Moreover, there is nothing in the legislative history of the 2003 amendments that would support the HOA's speculation that the Legislature intended such a significant substantive change in the Act by way of the 2003 amendments. Such a change would have been entirely incompatible with the Legislature's characterization of the amendments as constituting a “technical cleanup.” (Sen. Rules Com., Off of Sen. Floor Analyses, 3d reading analysis of Assem. Bill No. 903 (2003-2004 Reg. Sess.) as amended Sep. 4, 2003, p. 2.)

Further, the sponsor of Assembly Bill No. 903, Assembly member Darrell S. Steinberg, sent a letter to Governor Gray Davis urging the signing of the bill, in which he described the legislation as a “non-controversial bill” that made “various technical changes,” including “[c]larify[ing] that SB 800 did not change the law regarding ․ strict liability.” (Italics added.) (Assembly member Darrell S. Steinberg, letter to Governor Gray Davis, Sept. 16, 2003.)29 The Steinberg letter is entirely consistent with our interpretation of the final sentence of 936 as evincing the Legislature's intent that the negligence standard specified in the first sentence of section 936 does not apply to common law strict liability claims against material suppliers. Thus, we reject the HOA's suggestion that the Legislature amended the Act in 2003 with the intention of “plac[ing] a [material] supplier 'on par' with a builder.

e. Greystone

In light of the text, structure, and legislative history of the Act discussed above, we adhere to our conclusion in Greystone that a nonbuilder entity is liable under the Act “only where its 'negligent act or omission or a breach of contract' ․ caused a violation of the Act's standards.” (Greystone, supra, 168 Cal.App.4th at p. 1216, italics omitted.) In Greystone, in reversing a summary judgment in favor of a product manufacturer, this court considered, among other issues, whether the common law economic loss rule 30 precluded a builder from seeking equitable indemnification under the Act from a jointly liable product manufacturer for the cost of repairing damage caused by the manufacturer's violation of the Act's standards. (Id. at pp. 1213-1220.) We explained that in determining this issue, we first were required to address whether the economic loss rule would preclude a homeowner from collecting such damages in an action against the product manufacturer, since the builder's ability to pursue an indemnity action against the manufacturer was contingent on the manufacturer and the builder sharing a joint legal obligation to the homeowners. (Id. at p. 1213.) After citing sections 896 and 936, we concluded, “a homeowner may recover economic losses from a product manufacturer [31 ] for a violation of the Act's standards that is caused by the manufacturer's negligence or breach of contract.” (Greystone, at pp. 1213-1214, italics added.)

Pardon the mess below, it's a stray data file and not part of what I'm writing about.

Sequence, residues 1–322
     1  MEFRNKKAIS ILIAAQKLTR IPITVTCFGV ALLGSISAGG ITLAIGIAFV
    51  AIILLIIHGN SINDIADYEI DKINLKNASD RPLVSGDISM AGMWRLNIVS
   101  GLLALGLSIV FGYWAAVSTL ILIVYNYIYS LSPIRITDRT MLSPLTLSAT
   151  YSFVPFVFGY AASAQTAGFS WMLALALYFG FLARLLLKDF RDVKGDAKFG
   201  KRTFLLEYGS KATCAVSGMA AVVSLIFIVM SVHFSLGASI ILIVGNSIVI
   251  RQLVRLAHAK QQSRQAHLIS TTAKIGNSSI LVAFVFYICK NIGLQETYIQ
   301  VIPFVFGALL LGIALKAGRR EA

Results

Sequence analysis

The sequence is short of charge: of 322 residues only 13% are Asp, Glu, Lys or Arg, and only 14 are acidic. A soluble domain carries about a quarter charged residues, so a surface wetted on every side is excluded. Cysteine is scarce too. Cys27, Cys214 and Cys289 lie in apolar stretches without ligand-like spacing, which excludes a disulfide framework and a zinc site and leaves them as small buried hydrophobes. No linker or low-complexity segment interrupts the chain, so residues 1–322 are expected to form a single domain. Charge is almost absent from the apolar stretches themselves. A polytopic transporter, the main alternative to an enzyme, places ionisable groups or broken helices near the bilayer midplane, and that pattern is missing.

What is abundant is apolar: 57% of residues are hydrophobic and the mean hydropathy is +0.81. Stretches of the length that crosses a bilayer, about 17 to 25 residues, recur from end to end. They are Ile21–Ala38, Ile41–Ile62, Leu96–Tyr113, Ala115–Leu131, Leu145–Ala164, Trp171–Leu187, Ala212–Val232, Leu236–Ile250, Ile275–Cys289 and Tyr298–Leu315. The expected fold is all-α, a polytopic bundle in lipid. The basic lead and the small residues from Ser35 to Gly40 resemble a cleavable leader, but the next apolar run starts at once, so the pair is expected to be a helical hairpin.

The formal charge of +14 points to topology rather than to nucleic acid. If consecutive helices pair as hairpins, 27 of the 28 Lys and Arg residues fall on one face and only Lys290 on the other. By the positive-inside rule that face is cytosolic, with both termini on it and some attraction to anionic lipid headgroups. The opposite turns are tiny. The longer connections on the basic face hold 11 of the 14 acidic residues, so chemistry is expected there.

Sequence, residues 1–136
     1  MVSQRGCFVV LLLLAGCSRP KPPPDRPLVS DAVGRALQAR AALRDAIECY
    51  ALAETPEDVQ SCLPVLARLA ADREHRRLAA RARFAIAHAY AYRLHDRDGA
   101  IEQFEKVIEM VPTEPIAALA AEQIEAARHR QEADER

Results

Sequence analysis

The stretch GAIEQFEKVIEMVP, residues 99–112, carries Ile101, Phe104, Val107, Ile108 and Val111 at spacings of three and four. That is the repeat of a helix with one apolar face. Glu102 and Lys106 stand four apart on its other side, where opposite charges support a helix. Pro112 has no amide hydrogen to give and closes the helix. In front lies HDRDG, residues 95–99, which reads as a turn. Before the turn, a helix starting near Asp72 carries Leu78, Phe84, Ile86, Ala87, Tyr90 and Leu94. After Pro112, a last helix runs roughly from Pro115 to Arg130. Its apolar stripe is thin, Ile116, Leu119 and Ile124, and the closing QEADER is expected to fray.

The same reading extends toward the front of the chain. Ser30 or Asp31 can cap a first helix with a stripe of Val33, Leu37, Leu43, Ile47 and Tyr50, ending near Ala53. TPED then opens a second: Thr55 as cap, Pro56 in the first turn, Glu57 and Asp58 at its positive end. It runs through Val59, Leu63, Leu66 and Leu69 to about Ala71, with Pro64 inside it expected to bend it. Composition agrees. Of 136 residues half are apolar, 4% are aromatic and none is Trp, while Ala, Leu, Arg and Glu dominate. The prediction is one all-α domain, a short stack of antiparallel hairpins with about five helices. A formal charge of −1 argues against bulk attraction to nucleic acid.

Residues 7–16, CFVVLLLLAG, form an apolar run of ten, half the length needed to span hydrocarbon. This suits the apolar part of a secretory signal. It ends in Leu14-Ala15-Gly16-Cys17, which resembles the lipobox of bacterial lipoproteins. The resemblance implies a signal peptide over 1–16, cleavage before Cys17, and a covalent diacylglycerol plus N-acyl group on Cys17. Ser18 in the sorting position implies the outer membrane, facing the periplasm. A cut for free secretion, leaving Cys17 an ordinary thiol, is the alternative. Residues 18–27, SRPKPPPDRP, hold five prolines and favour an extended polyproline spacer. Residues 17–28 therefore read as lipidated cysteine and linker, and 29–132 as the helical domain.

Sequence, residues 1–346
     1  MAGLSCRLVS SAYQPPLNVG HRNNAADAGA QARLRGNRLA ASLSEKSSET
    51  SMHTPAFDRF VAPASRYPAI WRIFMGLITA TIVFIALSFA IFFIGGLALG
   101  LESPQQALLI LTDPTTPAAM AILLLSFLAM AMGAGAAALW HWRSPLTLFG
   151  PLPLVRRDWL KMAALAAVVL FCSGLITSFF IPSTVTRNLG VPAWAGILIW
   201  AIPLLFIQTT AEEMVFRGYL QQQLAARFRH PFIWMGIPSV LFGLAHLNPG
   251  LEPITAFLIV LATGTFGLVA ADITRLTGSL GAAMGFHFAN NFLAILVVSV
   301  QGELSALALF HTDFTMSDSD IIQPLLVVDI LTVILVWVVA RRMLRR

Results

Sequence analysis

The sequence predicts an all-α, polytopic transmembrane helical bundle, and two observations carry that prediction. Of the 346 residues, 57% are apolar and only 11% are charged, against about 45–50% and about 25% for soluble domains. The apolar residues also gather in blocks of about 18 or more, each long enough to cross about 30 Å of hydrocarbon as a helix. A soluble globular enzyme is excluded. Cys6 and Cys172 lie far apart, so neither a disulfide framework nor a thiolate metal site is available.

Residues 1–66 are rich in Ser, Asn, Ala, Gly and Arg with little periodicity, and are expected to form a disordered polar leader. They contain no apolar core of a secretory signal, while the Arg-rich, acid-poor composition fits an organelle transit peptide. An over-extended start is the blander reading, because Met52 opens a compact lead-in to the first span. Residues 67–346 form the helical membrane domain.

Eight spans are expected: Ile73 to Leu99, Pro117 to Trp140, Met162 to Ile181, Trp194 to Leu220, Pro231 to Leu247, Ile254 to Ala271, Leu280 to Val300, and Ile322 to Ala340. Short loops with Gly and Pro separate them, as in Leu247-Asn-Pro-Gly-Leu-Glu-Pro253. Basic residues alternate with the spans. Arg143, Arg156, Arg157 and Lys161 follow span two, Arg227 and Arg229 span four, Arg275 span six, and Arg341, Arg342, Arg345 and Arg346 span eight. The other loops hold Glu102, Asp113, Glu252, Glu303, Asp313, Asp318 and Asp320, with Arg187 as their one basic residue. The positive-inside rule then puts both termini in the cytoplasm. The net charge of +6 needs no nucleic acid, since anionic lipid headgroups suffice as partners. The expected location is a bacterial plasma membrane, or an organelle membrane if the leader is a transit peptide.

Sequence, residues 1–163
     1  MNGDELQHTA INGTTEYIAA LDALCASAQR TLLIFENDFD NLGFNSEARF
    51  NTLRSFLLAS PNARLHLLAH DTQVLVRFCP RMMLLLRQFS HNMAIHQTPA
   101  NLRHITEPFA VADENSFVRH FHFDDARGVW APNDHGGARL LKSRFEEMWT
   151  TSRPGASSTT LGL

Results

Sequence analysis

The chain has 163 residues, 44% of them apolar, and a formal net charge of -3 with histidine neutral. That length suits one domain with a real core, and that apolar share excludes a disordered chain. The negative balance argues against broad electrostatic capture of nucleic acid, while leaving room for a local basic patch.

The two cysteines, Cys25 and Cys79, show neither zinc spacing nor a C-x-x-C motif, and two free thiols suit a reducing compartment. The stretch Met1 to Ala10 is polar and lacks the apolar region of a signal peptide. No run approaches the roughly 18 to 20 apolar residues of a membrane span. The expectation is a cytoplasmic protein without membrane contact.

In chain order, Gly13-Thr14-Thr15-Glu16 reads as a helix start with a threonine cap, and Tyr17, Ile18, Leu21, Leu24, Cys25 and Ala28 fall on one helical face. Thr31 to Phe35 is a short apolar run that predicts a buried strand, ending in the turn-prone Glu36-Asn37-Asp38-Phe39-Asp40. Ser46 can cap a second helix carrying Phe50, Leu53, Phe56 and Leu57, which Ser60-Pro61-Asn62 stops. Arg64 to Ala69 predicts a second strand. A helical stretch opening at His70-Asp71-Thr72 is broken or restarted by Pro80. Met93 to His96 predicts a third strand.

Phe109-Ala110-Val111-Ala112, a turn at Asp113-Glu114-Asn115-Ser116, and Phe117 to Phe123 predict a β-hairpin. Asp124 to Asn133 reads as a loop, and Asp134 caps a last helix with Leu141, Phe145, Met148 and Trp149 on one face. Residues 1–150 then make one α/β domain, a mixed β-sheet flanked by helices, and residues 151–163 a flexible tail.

The Greystone court also rejected the manufacturer's argument that section 936's reference to the preservation of “common law ․ defenses,” (italics added) permitted the manufacturer to defeat the builder's claim by assertion of the economic loss doctrine.32 (Greystone, supra, 168 Cal.App.4th at pp. 1214-1215.) In rejecting this argument, we stated:

“A more reasonable interpretation of section 936 [i.e., one that excluded the economic loss doctrine as a defense that could be asserted in an action premised on section 936] follows from the fact that, while under sections 896 and 942 a builder is strictly liable[33] for any violation of the Act's standards, pursuant to the first sentence of section 936, a product manufacturer is liable only where its 'negligent act or omission or a breach of contract' ․ , caused a violation of the Act's standards. The reference to 'common law and contractual defenses,' in the second sentence of section 936 parallels the scope of duty articulated in the first sentence of the section. Thus, for example, in a suit premised on a manufacturer's negligent act or omission, the manufacturer may assert traditional common law defenses to negligence actions, such as comparative negligence and primary assumption of risk, to the extent that such defenses are 'applicable' (§ 936) to the plaintiff's claim.” (Greystone, supra, at p. 1216, italics altered, footnotes omitted.)

We also relied on the “Act's explicit adoption of a negligence standard for claims against product manufacturers,” (Greystone, supra, 168 Cal.App.4th at p. 1216, fn. 14) in rejecting the manufacturer's argument that concluding that the economic loss rule did not bar the builder's indemnity claim “would 'expand the law of strict product liability beyond tolerable limits.' “ (Ibid.) Ultimately, “[w]e conclude[d] that the ․ Act abrogates the economic loss rule in actions brought by homeowners against individual product manufacturers for a violation of the Act's standards based upon the manufacturer's negligence or breach of contract.” (Id. at p. 1217, italics added.)